Midnight Mass by Machado de Assis, 1894
The magic trick:
Building tension through the things not said or done
It’s not often you dust off a century-old classic and find a masterpiece of sexual tension. In a Christmas story no less.
But this is what you find with “Midnight Mass.”
Our narrator recalls a Christmas Eve when his friend’s wife kept him company while he waited up to attend a midnight mass.
They don’t talk about attraction. They don’t talk about desire. They don’t talk about intent.
But those topics are certainly hanging heavily in the air.
It’s a masterpiece of the implied and unsaid.
And that’s quite a trick on de Assis’s part.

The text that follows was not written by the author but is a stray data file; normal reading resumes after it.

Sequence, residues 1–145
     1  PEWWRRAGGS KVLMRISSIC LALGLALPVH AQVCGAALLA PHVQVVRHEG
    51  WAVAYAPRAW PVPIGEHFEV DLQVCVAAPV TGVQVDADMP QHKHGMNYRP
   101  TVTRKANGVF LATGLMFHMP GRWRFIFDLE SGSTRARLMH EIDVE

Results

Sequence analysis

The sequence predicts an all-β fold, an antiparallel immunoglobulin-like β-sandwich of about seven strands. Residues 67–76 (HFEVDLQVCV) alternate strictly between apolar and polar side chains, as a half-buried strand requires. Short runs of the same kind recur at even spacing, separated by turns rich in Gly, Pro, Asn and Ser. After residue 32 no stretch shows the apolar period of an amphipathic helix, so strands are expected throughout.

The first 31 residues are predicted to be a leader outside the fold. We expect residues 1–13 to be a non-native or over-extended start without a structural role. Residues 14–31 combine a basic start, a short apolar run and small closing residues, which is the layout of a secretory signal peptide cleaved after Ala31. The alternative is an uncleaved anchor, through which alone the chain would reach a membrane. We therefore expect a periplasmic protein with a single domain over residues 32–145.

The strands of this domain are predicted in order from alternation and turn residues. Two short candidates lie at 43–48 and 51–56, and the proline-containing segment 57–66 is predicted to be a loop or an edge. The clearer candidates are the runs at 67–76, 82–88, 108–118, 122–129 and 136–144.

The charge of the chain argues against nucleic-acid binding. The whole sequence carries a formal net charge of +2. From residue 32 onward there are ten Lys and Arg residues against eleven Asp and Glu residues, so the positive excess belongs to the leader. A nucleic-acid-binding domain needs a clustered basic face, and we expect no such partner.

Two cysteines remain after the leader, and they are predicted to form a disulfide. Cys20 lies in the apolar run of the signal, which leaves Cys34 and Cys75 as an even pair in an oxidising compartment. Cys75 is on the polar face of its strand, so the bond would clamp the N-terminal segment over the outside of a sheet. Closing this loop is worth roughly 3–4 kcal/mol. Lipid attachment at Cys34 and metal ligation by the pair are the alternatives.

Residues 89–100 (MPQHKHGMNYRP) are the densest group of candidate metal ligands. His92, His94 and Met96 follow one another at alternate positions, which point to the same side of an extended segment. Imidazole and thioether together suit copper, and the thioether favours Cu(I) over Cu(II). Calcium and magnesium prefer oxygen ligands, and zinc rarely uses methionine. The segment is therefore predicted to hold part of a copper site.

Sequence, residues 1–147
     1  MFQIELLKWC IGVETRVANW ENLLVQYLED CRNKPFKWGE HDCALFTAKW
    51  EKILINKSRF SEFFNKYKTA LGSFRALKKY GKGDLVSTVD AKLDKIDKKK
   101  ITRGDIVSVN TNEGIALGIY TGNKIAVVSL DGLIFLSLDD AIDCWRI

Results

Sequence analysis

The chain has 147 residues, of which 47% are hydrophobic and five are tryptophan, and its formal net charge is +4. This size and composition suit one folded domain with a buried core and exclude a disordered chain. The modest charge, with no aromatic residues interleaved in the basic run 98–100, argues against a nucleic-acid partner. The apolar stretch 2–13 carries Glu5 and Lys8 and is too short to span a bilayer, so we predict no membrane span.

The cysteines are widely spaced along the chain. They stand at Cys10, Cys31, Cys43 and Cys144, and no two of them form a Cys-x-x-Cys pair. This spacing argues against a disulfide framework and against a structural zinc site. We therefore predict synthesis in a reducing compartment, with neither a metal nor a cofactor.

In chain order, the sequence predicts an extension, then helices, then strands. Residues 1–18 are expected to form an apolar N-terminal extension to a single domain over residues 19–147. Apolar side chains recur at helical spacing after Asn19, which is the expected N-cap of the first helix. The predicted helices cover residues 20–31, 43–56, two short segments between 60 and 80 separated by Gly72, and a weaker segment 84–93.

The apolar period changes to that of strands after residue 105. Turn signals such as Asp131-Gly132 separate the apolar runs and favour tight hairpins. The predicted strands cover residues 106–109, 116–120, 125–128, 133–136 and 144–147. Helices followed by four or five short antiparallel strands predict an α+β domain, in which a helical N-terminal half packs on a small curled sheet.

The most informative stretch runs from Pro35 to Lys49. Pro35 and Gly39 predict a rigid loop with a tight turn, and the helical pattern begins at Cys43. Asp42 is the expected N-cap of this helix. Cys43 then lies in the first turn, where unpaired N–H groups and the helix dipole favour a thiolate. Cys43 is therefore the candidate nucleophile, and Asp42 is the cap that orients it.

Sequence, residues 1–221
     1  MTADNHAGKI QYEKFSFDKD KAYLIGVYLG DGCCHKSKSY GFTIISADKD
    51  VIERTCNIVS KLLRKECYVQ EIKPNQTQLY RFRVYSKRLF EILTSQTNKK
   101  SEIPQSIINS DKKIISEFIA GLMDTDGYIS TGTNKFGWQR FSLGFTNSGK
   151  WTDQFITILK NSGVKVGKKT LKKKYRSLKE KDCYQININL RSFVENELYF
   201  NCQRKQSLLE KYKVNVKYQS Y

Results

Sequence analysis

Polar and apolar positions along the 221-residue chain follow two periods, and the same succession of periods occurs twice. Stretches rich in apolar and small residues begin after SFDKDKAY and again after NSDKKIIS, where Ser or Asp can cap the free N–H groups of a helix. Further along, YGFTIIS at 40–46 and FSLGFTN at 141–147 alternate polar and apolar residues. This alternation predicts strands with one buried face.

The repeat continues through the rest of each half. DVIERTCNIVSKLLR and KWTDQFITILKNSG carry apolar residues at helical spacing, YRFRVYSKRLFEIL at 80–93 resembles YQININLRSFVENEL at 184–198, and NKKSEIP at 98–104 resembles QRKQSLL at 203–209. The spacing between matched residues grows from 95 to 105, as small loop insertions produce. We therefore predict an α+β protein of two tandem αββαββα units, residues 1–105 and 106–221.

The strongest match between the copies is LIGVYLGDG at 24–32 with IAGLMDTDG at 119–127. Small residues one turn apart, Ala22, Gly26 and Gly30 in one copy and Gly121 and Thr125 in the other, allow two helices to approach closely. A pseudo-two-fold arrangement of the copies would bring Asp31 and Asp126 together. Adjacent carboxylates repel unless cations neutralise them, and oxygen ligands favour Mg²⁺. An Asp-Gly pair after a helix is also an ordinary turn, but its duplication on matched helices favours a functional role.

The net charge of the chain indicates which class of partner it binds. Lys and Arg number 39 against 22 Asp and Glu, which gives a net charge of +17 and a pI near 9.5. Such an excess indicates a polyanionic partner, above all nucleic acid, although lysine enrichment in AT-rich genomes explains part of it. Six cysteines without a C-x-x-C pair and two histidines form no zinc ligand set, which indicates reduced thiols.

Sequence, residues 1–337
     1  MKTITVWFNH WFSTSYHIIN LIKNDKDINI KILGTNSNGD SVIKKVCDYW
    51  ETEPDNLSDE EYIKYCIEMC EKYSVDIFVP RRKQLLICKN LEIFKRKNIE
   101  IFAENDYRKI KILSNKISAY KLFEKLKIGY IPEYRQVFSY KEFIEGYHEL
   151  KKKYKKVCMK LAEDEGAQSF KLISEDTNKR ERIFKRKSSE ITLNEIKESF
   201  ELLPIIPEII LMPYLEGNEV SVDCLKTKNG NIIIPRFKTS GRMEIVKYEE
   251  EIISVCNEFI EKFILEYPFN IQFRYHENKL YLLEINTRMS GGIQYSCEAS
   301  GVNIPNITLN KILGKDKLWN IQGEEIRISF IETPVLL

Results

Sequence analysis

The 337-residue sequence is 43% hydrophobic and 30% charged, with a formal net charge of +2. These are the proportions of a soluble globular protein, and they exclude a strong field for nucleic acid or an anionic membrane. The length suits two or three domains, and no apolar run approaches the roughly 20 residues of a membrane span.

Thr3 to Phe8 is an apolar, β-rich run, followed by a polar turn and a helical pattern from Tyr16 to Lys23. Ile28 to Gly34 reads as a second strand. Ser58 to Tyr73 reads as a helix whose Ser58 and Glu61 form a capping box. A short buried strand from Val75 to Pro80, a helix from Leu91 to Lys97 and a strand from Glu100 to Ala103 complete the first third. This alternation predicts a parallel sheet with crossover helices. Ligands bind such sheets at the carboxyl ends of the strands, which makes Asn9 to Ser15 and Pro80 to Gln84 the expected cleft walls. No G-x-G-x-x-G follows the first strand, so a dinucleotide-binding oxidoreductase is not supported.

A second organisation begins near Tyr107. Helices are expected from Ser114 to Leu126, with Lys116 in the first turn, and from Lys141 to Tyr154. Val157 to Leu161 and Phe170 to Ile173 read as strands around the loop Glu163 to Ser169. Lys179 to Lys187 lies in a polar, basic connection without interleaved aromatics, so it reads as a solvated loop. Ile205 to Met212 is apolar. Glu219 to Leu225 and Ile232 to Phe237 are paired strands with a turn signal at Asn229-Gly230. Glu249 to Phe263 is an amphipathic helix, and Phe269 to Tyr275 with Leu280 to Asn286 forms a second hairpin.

There were pauses too. Twice I thought I saw her going to sleep; but her eyes, shut for an instant, opened soon after, with no sign of sleepiness or fatigue, as if she’d shut them to see better. At one of these moments, I think she saw me absorbed by her presence, and I remember she closed them again – whether slowly or hurriedly, I don’t know. There are impressions from that night which seem truncated or confused. I contradict myself, and get mixed up. One that I still have fresh in my mind is that, on one occasion, this woman who was merely nice looked beautiful, truly beautiful. She was standing with her arms crossed; out of respect for her, I tried to get up; she didn’t let me, put one of her hands on my shoulder, and made me sit down. I think she was going to say something; but she shivered, as if she had felt the cold, turned her back on me and went to sit on the chair where she’d found me reading. From there she gave a glance at the mirror, which was above the settee, and talked about two pictures hanging on the wall.
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